The Borneo Nature Foundation is a nonprofit conservation and research organisation. We work to protect some of the most important areas of tropical rainforest, and to safeguard the wildlife, environment, and indigenous culture on Borneo.
In the Sabangau Forest (Central Kalimantan, Indonesian Borneo) we monitor the behaviour, distribution, density and ecology of orangutans, gibbons and red langur monkeys; survey biodiversity; and monitor changes in forest structure, productivity, regeneration and disturbance in the different peat-swamp forest habitat types. Satellite camps are positioned at sites along the upper Sabangau River where we collect data to assess trends in condition of the forest and its wildlife. The results provide feedback on forest condition, allowing us to report on any issues and assess the effectiveness of our conservation activities. This is a lot of work and we couldn't do it without the help of volunteers. We need people who will thrive in a remote jungle setting in a small camp with simple facilities. In return we offer a challenging, exciting and educational experience of field research and conservation in the Bornean rainforest.
Volunteers gain a wide variety of skills from navigation to field ecology and surveying techniques, to peat-swamp forest restoration approaches. We offer a window into a career in conservation biology and, hopefully an unforgettable experience!
As a volunteer, you will work alongside our field scientists to help collect research data and gain an in-depth understanding of the importance of our field projects. You'll learn about habitat and biodiversity monitoring techniques, as well as a range of forest skills, and participate in discussions related to current issues in ecology and conservation led by our scientists. Asides from the biodiversity research, this programme will also involve cultural exchange with the surrounding community and our education team, and an introduction to our conservation and habitat restoration projects.
Volunteers will assist with some or all of the following long-term research and conservation projects:
- Orangutan and gibbon population density surveys.
- Camera trap project.
- Invertebrate and vertebrate species surveys such as butterflies, birds and frogs.
- Habitat structure and forestry research, which involves establishing and measuring tree plots.
- Habitat restoration and reforestation project. Volunteers will help with the seedling nursery potentially including replanting saplings and measuring growth rates.
- Volunteers will go on expedition to a remote forest camp for a week or so, to undertake monitoring of ape populations and other biodiversity.
- Other short-term research projects.
The fee covers accommodation in Palangka Raya, airport pickup, transport to and from camp, use and maintenance of base camp and facilities (including electricity, food, cooks, equipment and medical supplies), Indonesian field assistants, travel to remote survey sites, visa fees, and a trip to the Borneo Orangutan Survival Foundation (BOS) Orangutan Reintroduction Centre.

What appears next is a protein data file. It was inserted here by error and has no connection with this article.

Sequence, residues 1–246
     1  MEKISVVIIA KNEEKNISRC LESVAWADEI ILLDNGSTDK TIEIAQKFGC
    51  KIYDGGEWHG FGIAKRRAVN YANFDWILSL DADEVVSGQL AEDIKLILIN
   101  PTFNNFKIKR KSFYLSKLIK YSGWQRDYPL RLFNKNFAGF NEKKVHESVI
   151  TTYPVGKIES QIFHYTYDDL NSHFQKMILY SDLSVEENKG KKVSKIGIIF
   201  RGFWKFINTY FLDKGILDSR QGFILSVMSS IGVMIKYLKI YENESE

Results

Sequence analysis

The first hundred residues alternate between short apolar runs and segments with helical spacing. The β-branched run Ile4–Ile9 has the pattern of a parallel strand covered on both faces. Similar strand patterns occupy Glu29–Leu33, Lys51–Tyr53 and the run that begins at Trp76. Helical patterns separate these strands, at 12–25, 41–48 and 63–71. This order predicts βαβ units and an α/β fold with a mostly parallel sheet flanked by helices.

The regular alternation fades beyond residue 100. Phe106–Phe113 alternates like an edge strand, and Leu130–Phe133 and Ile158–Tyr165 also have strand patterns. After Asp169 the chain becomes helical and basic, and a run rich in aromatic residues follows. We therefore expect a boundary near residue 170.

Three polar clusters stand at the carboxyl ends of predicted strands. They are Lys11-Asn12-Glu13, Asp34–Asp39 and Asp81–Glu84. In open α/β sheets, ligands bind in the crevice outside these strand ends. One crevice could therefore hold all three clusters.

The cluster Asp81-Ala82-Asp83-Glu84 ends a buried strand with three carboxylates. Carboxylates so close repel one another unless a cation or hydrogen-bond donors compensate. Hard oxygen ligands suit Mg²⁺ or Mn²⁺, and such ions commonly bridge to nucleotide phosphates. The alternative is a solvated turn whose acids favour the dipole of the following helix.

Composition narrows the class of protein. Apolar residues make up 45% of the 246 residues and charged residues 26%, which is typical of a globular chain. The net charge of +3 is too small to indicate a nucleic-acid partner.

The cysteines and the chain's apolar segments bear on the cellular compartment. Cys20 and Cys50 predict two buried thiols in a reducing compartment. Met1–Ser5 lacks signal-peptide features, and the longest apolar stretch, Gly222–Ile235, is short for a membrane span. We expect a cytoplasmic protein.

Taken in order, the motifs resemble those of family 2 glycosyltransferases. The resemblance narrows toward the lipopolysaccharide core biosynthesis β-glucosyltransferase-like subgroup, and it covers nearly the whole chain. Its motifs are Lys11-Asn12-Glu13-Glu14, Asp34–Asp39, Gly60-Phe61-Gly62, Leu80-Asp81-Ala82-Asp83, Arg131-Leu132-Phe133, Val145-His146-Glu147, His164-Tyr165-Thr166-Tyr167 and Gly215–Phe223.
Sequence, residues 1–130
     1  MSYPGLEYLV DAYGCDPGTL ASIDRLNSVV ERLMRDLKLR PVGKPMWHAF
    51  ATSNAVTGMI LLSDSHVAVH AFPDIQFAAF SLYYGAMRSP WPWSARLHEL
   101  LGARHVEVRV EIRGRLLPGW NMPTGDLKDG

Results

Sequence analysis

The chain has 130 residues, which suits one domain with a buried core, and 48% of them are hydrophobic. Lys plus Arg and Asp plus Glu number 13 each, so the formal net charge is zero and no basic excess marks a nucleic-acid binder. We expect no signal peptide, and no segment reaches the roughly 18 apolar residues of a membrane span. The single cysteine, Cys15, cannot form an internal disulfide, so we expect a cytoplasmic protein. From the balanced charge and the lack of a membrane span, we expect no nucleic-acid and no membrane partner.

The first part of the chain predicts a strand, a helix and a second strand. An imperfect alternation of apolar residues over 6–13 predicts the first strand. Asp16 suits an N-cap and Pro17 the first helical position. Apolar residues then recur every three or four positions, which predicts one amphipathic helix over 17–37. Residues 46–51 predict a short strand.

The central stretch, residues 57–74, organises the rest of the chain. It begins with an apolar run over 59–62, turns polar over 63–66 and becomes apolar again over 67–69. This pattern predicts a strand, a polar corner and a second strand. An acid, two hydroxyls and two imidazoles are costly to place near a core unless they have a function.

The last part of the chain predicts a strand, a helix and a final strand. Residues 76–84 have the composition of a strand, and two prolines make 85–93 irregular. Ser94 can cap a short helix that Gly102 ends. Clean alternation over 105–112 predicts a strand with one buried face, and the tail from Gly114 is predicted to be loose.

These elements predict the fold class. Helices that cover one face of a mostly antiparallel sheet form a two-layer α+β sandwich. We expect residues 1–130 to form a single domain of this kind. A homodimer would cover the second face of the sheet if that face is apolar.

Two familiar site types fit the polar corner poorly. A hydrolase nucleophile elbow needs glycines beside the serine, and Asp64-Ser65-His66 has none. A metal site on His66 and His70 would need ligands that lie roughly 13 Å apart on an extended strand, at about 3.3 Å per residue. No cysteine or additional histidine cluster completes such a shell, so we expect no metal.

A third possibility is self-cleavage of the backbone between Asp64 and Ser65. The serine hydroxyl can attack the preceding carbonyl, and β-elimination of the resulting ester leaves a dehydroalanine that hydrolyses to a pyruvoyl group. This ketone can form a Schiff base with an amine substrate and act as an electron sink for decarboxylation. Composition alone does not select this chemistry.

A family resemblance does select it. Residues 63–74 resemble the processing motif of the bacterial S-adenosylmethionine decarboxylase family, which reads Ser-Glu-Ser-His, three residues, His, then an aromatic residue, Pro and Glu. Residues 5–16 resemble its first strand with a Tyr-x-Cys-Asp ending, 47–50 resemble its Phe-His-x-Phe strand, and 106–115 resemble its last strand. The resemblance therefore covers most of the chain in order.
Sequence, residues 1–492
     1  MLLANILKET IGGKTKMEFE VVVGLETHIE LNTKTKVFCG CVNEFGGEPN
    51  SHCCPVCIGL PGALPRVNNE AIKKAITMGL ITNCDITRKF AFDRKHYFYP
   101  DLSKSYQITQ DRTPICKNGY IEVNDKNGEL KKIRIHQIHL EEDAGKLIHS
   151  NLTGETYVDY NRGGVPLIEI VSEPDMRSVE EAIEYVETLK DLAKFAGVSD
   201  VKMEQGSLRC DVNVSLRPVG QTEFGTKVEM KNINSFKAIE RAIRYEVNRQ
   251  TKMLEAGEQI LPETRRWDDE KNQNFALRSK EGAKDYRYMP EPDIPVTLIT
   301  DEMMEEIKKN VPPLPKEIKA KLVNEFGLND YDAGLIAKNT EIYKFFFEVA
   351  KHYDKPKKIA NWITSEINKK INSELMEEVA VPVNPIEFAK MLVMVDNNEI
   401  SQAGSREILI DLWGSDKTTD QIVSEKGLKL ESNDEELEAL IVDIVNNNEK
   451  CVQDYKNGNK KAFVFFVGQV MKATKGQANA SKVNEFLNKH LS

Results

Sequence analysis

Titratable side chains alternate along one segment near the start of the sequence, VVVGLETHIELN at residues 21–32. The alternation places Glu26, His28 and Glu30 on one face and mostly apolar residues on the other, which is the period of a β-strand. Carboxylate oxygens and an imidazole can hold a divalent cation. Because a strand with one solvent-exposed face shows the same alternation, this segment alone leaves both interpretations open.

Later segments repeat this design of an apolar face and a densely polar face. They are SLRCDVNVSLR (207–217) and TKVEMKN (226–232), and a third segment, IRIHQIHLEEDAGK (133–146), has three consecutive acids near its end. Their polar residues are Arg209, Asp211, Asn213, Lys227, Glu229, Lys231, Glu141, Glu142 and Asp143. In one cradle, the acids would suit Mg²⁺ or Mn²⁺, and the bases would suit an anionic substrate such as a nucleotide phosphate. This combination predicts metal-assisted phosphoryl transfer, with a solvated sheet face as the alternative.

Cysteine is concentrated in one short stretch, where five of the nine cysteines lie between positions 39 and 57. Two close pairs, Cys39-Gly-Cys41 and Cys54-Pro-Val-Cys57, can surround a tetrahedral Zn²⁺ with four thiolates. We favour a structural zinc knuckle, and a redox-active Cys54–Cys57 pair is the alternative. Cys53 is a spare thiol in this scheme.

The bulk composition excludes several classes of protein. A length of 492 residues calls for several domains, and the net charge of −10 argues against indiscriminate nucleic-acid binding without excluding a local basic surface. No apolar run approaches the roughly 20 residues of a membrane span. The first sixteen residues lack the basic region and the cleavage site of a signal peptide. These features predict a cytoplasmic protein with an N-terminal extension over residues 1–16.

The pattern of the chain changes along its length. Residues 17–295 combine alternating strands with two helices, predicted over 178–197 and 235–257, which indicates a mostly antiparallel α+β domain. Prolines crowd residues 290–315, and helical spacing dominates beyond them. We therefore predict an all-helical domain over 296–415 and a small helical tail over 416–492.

The fee also includes an important contribution to the long-term conservation of Borneo Nature Foundation and our partners, University of Palangka Raya, to support Forest Patrol Unit and Firefighting Teams. Costs you will also need to cover include international and internal airfares, and travel insurance. Day-to-day costs are typically small and may include drinks, snacks and souvenirs.
All meals provided.
The cost to volunteer for six weeks is $1320. Please note that this does not cover all travel expenses.
Throughout our programmes, we support and empower community-led initiatives to protect forest and biodiversity, including anti-logging patrols, fire-fighting teams, environmental education and the replanting and restoration of damaged forests. All our field programmes include high-quality scientific research as a basis for protecting and managing forests, and we have particular expertise in monitoring the distribution, population status, behaviour and ecology of Borneo’s flagship ape species; the endangered orangutan and southern Bornean gibbon. We provide training and capacity building for local students, researchers and conservation-area managers, and work with a number of local partners to implement successful conservation projects.
Our longest running programme, the Orangutan Tropical Peatland Project (OuTrop), was founded in 1999. We identified the Sabangau Forest as home to the largest orangutan population in the world, bringing the region to the forefront of orangutan conservation efforts and resulting in the award of National Park status in 2004. Here we carry out long-term ecological research; contribute to peatland restoration efforts and support local initiatives to manage and protect peat-swamp forest habitat. We are proud to support, advise and fundraise for the TSA Kalteng Community Patrol Team and other fire-fighting units in Central Kalimantan, who put their lives on the line to stop fires and save forest.
In Barito Ulu we have adopted the management of the former University of Cambridge research station, one of the longest-running research programmes in Kalimantan. This site is in a critical region in the south of the Heart of Borneo landscape and has been used for orangutan reintroductions. The Rungan River Orangutan Conservation Programme is our newest programme, where we are working with local stakeholders with the aim to protect up to 100,000 hectares of forest within a multi-use landscape. This is a critical region that contains one of the largest populations of orangutans outside of protected areas on Borneo.
Alongside these programmes we work with a wide range of partners throughout Kalimantan to survey biodiversity, make recommendations on forest management, support conservation efforts and advise on national and international strategies to protect the natural habitats and wildlife of the island of Borneo.